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Technological Advances Could Reduce Effectiveness Of The Chemical Weapons Convention

Date:
August 17, 2005
Source:
Lawrence Livermore National Laboratory
Summary:
Technological advances within the chemical industry could erode the effectiveness of the Chemical Weapons Convention's provisions for verification and compliance.
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Microreactor technologies developed at LLNL use micromachining techniques to miniaturize the reactor design. Applications include fuel processors for generating hydrogen, chemical synthesis, and bioreaction studies.
Credit: Image courtesy of Lawrence Livermore National Laboratory

LIVERMORE -- Technological advances within the chemical industry coulderode the effectiveness of the Chemical Weapons Convention's provisionsfor verification and compliance.

That assessment is offered by Tuan Nguyen, the Herbert York Fellow atLawrence Livermore National Laboratory's Center for Global SecurityResearch, in a paper to be published in the Aug. 12 edition of thejournal Science. (The York Fellowship honors the Laboratory's firstdirector, who is now director emeritus of the Institute on GlobalConflict and Cooperation at UC San Diego).

Because of the threat of chemical warfare and its use, the ChemicalWeapons Convention was signed in 1993 to ban the stockpiling,production and usage of chemical weapons. This treaty, now signed by170 nations, includes intrusive verification procedures that far exceedthose of other treaties banning weapons of mass destruction.

However, in recent years the world's chemical industry has beendeveloping micro-reactors that range in size from a credit card to thedimensions of a notebook to replace large batch reaction vessels. Forthe chemical industry, this change permits safer processing, betterchemical yields and a reduction in overall costs.

"The key issue with these advancements in science and technology isthat it's going to make it more difficult to monitor and verifycompliance of the Chemical Weapons Convention," Nguyen said.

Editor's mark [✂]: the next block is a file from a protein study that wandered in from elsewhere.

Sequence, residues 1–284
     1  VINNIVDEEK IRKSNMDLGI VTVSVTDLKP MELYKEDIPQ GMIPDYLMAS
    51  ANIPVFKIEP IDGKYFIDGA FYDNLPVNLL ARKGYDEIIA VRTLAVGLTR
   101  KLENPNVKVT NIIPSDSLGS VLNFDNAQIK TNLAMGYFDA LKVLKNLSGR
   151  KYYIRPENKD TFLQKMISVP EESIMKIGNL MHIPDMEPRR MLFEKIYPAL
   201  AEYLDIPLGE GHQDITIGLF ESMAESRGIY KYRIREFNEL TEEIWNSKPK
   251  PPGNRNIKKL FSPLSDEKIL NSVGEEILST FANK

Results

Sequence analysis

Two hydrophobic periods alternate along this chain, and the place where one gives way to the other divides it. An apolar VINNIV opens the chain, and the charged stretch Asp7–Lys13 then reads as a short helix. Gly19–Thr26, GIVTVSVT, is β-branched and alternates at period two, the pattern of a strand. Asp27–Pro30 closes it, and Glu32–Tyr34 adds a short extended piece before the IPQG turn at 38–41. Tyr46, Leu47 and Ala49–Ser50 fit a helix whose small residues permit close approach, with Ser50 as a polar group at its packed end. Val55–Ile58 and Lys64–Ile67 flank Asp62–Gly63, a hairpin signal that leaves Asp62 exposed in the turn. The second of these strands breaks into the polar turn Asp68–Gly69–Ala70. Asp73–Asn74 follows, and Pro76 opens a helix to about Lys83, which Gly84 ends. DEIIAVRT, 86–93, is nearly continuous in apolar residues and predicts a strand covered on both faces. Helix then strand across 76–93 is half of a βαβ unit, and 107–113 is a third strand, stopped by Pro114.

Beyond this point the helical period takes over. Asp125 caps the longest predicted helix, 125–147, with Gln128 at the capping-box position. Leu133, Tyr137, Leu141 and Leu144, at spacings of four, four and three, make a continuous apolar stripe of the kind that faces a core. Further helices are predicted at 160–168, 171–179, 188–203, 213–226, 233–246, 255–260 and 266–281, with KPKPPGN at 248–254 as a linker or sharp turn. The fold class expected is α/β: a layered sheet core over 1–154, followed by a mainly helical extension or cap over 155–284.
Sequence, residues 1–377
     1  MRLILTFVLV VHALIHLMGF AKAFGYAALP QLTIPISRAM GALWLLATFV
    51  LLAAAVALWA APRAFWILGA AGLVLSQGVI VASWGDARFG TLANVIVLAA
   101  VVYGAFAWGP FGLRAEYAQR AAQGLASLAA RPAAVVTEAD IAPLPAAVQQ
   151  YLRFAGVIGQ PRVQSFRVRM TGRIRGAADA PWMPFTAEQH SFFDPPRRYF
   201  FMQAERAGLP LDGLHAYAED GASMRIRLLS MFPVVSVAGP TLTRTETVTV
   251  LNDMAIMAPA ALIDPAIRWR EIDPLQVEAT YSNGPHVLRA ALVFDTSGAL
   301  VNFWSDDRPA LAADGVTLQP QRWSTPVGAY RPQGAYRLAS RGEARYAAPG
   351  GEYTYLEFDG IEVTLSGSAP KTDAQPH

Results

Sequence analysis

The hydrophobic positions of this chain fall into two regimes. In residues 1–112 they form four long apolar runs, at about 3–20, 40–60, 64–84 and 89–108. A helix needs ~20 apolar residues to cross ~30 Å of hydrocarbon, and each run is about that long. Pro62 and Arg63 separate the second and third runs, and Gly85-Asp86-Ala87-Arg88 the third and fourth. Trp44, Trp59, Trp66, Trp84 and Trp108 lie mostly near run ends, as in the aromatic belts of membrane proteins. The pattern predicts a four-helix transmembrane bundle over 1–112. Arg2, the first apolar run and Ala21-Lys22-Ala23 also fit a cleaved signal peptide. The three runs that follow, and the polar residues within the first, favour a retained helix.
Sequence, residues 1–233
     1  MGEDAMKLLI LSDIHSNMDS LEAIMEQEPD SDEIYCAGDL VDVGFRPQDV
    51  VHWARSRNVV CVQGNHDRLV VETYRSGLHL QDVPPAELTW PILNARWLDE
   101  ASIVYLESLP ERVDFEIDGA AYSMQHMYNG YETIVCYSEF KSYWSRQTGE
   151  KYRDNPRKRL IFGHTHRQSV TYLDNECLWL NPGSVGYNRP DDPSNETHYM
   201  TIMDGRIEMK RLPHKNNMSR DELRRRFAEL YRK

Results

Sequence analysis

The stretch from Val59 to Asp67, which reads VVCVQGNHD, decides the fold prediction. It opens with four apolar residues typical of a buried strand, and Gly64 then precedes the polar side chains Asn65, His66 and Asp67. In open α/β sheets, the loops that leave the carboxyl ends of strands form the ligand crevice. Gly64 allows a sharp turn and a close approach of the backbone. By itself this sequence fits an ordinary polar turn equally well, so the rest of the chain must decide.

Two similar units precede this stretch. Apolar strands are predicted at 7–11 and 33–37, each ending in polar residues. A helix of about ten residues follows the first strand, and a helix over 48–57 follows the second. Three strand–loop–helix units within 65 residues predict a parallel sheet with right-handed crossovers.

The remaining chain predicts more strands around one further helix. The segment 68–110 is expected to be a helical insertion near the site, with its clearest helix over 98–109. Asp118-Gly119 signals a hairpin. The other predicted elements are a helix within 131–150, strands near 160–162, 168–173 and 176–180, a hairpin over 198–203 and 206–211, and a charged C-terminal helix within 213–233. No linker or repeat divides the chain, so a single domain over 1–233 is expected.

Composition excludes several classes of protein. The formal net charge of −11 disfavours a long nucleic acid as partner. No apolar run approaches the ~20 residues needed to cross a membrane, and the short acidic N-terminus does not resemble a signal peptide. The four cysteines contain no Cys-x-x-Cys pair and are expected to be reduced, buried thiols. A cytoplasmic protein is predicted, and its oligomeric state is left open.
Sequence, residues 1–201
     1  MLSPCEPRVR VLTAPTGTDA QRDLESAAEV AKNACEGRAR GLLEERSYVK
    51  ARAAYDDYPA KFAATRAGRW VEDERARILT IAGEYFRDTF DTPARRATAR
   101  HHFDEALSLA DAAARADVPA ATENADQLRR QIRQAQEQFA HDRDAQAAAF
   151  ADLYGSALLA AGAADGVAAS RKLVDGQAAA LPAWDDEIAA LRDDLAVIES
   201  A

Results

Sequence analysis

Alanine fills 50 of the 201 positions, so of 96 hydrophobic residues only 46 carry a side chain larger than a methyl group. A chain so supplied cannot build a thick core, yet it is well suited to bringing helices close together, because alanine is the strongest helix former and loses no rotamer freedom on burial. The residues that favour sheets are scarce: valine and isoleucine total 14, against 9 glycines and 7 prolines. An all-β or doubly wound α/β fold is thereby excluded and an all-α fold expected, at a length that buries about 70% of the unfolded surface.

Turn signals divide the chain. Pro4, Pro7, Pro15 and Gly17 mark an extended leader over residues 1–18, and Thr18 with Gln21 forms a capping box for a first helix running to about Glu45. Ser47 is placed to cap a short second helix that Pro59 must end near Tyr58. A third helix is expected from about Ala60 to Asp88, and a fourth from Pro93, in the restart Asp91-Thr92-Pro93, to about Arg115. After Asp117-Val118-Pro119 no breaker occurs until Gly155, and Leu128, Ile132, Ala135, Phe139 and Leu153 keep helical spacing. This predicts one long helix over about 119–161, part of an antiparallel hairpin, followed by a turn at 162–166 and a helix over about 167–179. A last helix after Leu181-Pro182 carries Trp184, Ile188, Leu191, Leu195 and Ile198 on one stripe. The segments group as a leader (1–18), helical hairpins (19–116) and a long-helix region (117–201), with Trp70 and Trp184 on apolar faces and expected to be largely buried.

In his paper, he noted: "The inherently small physical size of theequipment and small space required make it attractive for clandestineoperations. The ability to produce chemicals of interest in a safer andmore feasible manner, with little signature produced, could encouragetheir application for malicious intent."

Although the full chemical synthesis potential of micro-reactors is notyet clear, several lethal chemicals -- hydrogen cyanide, phosgene andmethyl isocyanate -- have already been produced using this system,according to Nguyen. In China, nitroglycerine has recently beenproduced using microprocess technology at a maximum rate of 10kilograms per hour.

Another danger created by the growing usage of micro-reactors is thatchemical weapon precursors could be synthesized rather than purchased,making it more difficult to discover the preparation of chemicalweapons.

In Nguyen's view, while the need for control and verification must nothinder the development of these chemical industry technologies, thesecurity challenges should not be ignored.

"To address these issues, the Organization for the Prohibition ofChemical Weapons should begin by partnering, not only with industryexperts, but also with innovators of this technology to identify andcharacterize immediate threats associated with these advancements, hesaid."

Another step that could be taken, Nguyen notes, would be to fullyimplement United Nations Security Council Resolution 1540, which callson nations to adopt legislation to criminalize proliferation activitiesand to develop and implement appropriate, effective export controls.

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Founded in 1952, Lawrence Livermore National Laboratory has a missionto ensure national security and to apply science and technology to theimportant issues of our time. Lawrence Livermore National Laboratory ismanaged by the University of California for the U.S. Department ofEnergy's National Nuclear Security Administration.


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The above post is reprinted from materials provided by Lawrence Livermore National Laboratory. Note: Materials may be edited for content and length.


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Lawrence Livermore National Laboratory. "Technological Advances Could Reduce Effectiveness Of The Chemical Weapons Convention." ScienceDaily. ScienceDaily, 17 August 2005. <www.sciencedaily.com/releases/2005/08/050814164610.htm>.
Lawrence Livermore National Laboratory. (2005, August 17). Technological Advances Could Reduce Effectiveness Of The Chemical Weapons Convention. ScienceDaily. Retrieved July 30, 2015 from www.sciencedaily.com/releases/2005/08/050814164610.htm
Lawrence Livermore National Laboratory. "Technological Advances Could Reduce Effectiveness Of The Chemical Weapons Convention." ScienceDaily. www.sciencedaily.com/releases/2005/08/050814164610.htm (accessed July 30, 2015).

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